In case you missed it....

These are the positings from the old message board !!

Post Reply
Michael Kupersmith

In case you missed it....

Post by Michael Kupersmith »

The following is "re-printed" verbatim from last Sunday's New Yawk Times. For the next week or so you can use this link to go directly to the article.
<A HREF=" ... 0&emc=eta1" TARGET="_blank"> ... mc=eta1</A>

August 7, 2005
With Summer, a Faint Whiff of S'mores Past
ON a recent Sunday near Middlebury, Vt., Breck Eisner stepped into the 95-year-old dining hall at Camp Keewaydin. An old canoe and flags hung from the rafters, along with banners from elite Northeast colleges. The walls were cluttered with moldering plaques dating back to the camp's founding, almost 100 years ago. They listed campers, year by year by year, and their accomplishments.

"Here I am," Mr. Eisner said to his fianc?e, Georgina Irwin, pointing to his name on one plaque.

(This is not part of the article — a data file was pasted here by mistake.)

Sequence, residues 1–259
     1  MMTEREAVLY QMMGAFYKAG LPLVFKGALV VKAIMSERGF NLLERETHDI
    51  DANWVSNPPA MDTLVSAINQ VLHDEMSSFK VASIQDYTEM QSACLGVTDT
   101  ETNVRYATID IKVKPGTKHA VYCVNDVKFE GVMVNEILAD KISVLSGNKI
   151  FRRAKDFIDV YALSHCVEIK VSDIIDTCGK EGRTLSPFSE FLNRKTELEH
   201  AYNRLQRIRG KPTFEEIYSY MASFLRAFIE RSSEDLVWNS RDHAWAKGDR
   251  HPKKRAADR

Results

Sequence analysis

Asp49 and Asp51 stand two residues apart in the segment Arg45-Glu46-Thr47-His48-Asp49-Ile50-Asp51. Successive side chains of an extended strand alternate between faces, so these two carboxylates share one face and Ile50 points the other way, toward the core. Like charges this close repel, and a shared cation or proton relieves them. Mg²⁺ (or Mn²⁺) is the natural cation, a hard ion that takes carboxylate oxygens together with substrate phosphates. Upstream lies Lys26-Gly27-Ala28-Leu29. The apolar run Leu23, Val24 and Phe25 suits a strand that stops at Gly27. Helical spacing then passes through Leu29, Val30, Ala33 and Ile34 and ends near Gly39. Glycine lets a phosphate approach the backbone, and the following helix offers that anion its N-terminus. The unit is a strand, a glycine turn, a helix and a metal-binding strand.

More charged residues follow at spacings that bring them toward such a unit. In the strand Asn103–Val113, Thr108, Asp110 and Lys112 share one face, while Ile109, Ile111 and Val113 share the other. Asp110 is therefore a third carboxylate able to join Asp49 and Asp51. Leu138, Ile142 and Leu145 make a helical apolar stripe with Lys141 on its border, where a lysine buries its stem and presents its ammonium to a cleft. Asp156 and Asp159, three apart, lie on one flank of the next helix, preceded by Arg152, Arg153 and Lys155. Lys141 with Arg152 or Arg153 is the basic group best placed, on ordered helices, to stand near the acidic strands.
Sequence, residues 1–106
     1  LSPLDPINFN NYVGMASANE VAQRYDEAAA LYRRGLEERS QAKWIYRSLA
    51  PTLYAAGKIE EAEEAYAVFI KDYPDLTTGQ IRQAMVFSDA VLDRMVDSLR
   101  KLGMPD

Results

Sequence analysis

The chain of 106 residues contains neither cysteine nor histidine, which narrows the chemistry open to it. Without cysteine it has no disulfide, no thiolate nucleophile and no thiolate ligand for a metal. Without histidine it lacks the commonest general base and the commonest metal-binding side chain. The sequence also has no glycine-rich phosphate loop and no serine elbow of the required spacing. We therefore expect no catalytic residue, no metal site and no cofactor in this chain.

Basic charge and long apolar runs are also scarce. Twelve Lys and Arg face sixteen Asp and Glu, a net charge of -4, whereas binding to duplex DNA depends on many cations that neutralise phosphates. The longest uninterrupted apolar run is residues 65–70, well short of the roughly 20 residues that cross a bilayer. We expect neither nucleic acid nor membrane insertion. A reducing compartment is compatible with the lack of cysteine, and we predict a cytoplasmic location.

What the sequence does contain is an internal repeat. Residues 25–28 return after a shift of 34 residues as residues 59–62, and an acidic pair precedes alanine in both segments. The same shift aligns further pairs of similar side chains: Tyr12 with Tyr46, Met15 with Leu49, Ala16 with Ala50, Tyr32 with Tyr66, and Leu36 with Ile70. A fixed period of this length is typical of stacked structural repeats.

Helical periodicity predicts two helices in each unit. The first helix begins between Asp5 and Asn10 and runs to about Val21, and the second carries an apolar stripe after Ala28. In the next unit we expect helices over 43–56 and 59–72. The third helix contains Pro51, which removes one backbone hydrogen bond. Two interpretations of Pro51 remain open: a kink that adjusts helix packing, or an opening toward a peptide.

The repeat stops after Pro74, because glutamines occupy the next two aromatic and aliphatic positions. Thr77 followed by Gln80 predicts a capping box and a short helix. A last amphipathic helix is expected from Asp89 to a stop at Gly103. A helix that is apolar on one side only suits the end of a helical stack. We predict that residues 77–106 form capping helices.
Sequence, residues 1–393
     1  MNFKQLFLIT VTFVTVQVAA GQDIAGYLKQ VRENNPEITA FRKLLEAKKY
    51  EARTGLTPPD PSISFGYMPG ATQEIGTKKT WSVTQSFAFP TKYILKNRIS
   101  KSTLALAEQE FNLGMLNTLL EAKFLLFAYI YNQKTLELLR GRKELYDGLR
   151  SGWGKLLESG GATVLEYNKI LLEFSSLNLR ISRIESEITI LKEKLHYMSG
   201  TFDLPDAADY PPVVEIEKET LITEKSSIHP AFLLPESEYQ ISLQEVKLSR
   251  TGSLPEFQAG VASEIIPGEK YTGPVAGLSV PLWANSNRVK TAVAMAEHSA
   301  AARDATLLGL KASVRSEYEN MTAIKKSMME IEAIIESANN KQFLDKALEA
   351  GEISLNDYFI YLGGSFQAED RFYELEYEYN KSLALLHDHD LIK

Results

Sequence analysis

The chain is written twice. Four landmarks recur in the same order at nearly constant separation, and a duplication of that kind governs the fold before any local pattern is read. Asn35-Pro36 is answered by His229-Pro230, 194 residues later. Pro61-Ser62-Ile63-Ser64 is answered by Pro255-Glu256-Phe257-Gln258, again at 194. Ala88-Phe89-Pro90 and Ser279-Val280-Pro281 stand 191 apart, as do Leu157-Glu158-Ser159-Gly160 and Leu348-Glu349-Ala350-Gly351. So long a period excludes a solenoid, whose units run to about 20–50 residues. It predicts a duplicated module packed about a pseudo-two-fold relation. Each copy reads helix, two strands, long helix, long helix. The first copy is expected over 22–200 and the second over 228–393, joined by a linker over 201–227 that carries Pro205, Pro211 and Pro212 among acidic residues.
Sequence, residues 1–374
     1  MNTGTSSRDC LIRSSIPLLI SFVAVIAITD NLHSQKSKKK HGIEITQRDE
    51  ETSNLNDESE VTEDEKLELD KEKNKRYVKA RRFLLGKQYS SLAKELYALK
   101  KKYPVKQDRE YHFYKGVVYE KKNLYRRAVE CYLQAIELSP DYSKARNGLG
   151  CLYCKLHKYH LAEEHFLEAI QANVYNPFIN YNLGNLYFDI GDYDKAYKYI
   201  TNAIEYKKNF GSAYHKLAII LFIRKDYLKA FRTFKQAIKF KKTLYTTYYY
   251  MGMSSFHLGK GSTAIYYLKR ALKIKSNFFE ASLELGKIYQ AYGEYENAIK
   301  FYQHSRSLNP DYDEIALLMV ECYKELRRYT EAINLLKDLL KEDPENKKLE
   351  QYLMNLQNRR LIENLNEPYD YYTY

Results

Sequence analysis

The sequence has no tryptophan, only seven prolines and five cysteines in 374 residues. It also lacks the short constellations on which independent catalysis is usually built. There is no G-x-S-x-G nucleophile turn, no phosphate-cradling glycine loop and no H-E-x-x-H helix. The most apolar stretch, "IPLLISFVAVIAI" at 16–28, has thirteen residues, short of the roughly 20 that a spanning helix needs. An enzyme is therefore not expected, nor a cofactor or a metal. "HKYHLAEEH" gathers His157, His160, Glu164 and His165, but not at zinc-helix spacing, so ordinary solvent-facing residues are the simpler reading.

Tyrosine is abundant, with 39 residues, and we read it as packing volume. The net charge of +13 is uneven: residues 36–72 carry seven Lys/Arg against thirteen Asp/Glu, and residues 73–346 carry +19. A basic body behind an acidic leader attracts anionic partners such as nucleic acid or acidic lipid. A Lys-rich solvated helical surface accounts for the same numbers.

This fledging movie director, who happens to be a son of one of the camp's most devoted alumni, Michael D. Eisner, chief executive of the Walt Disney Company, had returned to what he says is the most important place of his own youth and, to observe him showing Ms. Irwin around, perhaps his entire life.

Over here was an old friend's name on a list of best campers, over there the name of his grandfather, another alumnus. "I told her we couldn't get married until she saw Keewaydin," Mr. Eisner said.

And his father? He's on the same page.

"I told her that there's no chance she's marrying my son," Michael Eisner said later in a phone interview from Los Angeles, "if she isn't planning on sending her kids to this camp."